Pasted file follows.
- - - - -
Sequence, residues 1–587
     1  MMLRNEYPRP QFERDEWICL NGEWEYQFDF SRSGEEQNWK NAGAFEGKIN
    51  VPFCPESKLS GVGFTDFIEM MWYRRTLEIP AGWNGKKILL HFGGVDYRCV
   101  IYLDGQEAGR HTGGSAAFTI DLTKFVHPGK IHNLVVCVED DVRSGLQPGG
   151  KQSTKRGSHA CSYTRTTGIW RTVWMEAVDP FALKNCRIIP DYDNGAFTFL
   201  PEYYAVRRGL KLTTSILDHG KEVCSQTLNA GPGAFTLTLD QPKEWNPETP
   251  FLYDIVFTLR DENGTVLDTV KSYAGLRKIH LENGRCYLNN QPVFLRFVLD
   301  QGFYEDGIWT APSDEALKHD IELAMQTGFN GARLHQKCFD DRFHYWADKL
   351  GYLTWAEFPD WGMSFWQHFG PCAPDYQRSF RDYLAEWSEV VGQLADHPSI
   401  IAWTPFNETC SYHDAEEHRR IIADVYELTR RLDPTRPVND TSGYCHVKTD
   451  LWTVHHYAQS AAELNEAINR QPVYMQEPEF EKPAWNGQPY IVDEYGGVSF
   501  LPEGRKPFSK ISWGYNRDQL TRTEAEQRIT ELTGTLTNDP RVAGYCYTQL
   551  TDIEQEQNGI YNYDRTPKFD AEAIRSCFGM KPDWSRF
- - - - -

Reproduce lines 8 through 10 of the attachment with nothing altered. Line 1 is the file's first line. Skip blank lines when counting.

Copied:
   301  QGFYEDGIWT APSDEALKHD IELAMQTGFN GARLHQKCFD DRFHYWADKL
   351  GYLTWAEFPD WGMSFWQHFG PCAPDYQRSF RDYLAEWSEV VGQLADHPSI
   401  IAWTPFNETC SYHDAEEHRR IIADVYELTR RLDPTRPVND TSGYCHVKTD